There seem to be those who claim that the Saura Indians were Siouan without any scientific or historical basis for this assumption. In 1948, Virginia archeaologists wrote reports about the Cornett and Martin sites in Virginia which stated that they were the same peoples as those on the Dan and Mayo River sites(Saura). Furthermore, they stated that the sites were from the Mississippian culture. No prior Mississippian culture has ever been connected to the Siouan language and culture. Suggestions otherwise and contrary to archeaology, should be taken with a grain of salt. Also, I have never actually seen any documents or arcaeology to indicate that the Cheraw are related to Saura. I never rule anything out until proven, but neither do I jump on unproven bandwagons.


Is it possible that some Saura Indians also absorbed with the Germans, Scots and English and assimilated into the European culture?



Yes, that could be possible, but due to the time frame, it would be very difficult to find any proof of that due to lack of records from that time. 

Erin Bradford, Government and Heritage Library


I am from the Lumbee Tribe of N.C. The shame of this situation is that "NO" archaeological digs have ever been conducted along the Drowning Creek/Lumber River area from which the Lumbee Tribe currently resides. Drill cores have been dug for "FUTURE" archaeological dig sites. But, that was many, many, many moons ago. I will not give locations but there are locations on the river not very far from the S.C. line, where arrowheads are found in abundance, sometimes with no digging.

As for the Saura Tribe, if they were absorbed into other tribes for whatever reasons, then the word extinct should not be used. If the word extinct is referring to the word tribe, Merriam Webster defines the word tribe as, Definition of a tribe:
1a: a social group comprising numerous families, clans, or generations together with slaves, dependents, or adopted strangers.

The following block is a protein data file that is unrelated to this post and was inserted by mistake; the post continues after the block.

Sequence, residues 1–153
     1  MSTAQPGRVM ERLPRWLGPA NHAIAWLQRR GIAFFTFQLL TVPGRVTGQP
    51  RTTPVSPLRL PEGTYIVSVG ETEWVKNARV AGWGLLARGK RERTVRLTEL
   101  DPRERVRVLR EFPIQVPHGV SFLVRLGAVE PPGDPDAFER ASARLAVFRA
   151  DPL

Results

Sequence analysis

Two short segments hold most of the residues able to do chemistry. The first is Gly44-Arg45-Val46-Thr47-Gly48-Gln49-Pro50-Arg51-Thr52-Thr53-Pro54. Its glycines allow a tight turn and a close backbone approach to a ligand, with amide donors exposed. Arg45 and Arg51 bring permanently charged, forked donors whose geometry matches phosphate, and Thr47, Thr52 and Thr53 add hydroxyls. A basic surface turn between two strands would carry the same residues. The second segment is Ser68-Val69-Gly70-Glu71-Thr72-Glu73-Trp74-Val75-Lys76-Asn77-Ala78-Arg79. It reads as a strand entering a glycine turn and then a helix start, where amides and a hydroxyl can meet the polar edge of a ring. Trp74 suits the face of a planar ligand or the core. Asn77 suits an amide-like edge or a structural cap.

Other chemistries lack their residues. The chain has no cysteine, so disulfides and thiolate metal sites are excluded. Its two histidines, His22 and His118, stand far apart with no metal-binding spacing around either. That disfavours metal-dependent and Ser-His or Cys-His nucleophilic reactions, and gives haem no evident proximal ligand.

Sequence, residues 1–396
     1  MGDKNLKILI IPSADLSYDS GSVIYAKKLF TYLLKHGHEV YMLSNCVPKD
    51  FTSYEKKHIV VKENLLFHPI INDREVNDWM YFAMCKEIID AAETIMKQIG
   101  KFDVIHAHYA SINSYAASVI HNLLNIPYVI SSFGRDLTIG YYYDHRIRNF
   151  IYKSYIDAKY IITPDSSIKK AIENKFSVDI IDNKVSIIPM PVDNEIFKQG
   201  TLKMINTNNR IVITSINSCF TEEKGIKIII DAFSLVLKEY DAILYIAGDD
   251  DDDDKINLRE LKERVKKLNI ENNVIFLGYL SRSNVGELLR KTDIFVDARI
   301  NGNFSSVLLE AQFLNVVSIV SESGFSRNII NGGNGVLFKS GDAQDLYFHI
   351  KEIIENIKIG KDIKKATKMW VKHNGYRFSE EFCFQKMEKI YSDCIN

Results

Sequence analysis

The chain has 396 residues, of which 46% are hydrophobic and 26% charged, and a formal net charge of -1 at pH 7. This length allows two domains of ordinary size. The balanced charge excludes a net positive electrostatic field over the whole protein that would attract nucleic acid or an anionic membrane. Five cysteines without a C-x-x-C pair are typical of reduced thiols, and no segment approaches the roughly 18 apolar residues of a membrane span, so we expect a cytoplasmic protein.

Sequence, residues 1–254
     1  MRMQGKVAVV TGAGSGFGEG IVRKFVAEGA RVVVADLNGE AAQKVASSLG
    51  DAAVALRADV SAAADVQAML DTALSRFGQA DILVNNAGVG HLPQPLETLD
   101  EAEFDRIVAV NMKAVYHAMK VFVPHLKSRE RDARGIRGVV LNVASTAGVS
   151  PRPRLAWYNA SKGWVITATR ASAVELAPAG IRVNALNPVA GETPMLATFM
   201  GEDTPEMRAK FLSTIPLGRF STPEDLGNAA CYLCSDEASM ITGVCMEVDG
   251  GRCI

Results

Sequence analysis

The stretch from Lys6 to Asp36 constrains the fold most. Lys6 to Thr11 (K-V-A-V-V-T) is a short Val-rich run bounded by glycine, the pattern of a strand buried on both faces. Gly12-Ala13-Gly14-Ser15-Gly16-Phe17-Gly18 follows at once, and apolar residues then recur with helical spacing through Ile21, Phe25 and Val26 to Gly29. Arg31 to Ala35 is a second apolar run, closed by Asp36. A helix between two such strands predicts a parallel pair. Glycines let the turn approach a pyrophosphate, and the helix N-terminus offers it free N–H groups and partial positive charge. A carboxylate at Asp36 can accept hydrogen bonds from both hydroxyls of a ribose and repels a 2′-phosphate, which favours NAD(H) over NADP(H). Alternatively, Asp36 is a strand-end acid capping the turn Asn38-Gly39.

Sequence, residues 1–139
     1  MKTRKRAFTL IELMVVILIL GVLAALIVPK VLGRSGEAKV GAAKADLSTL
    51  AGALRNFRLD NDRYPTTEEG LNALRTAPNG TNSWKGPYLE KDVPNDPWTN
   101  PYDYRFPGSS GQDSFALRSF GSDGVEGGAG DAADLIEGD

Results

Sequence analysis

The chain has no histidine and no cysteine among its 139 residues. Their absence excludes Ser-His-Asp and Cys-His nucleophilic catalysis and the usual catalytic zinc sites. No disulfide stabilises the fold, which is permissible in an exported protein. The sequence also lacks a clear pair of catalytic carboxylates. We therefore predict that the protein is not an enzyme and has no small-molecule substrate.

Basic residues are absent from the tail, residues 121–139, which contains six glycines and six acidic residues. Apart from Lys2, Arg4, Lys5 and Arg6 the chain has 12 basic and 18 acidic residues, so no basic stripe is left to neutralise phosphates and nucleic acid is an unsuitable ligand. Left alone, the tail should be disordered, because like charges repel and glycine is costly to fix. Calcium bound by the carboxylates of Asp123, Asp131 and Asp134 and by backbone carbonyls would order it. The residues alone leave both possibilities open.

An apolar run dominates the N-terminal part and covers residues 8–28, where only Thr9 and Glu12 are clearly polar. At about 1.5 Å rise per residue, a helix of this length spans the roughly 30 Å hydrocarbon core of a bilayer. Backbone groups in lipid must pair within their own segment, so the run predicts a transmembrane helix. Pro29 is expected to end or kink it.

If the "THINKING or BELIEF", which by the scientific method would be called a "Hypothesis", which means an "Experiment" has to be conducted to prove the Hypothesis. In N.C. this definitely, has not been done. So, and I quote:

"Although historians and archaeologists believe that the historical Saura tribe became extinct, with some members absorbed into the Catawba and others into what became the Lumbee Tribe, today there are many individuals and communities who trace their heritage to the historical Saura tribe and who identify themselves as descedants of the Saura." -- Kelly Agan, NC Government & Heritage Library

So, in conclusion, The word "Disbanded" would be more appropriate than extinct. Extinct, means no longer existing. You think or believe that but can not prove it. The word extinct is a very powerful word. This word is what early Europeans strived to achieve. So, until the Scientific Method can be applied to your hypothesis, then quotes from above should not be made. Speaking for myself and not my tribe, I think you would be more than welcome to perform your experiments (archaeological digs/high-accuracy aerial photography and LiDAR) to prove either way. An "Educated Guess" is still a guess. That's not how science works. Thank you for your time.

Gary Roller/Lumbee Tribe


right on, Gary! i'm researching the native americans who lived in my town, long ago before the white man came to america. i'm interested in helping existing tribes in whatever way i can. i'm a college student, so i don't have much money, but i'd like to know more about the lumbee tribe, and who the saura integrated into (i'm from around the sauratown area) so i can help pay reparations. it makes me sick to think of what my people have done to native americans, and it makes me sad that people speak of native americans as "extinct" when certain cultures still exist today. i'd really love to know more if you are willing to share.


Hello I am malaya sabar from india.
I from saura tribe . Here we have a big community of saura community.
Please replay me


Thank you for taking the time to leave your comment! If you check the end of the article, you will see that many think the Saura are extinct. 

Kelly Eubank, Government and Heritage Library


A very great article overall. I have a little nitpick. From my own readings and I'll find the references when I get home but if I recall correctly, the Saura left their holdings in the upper Catawba River/ Pee Dee River Valley because of consistent raiding by the Cherokee, not the Spanish intrusions into the region. The Spaniards had neither the resources or manpower the assert any kind of military dominance in the region.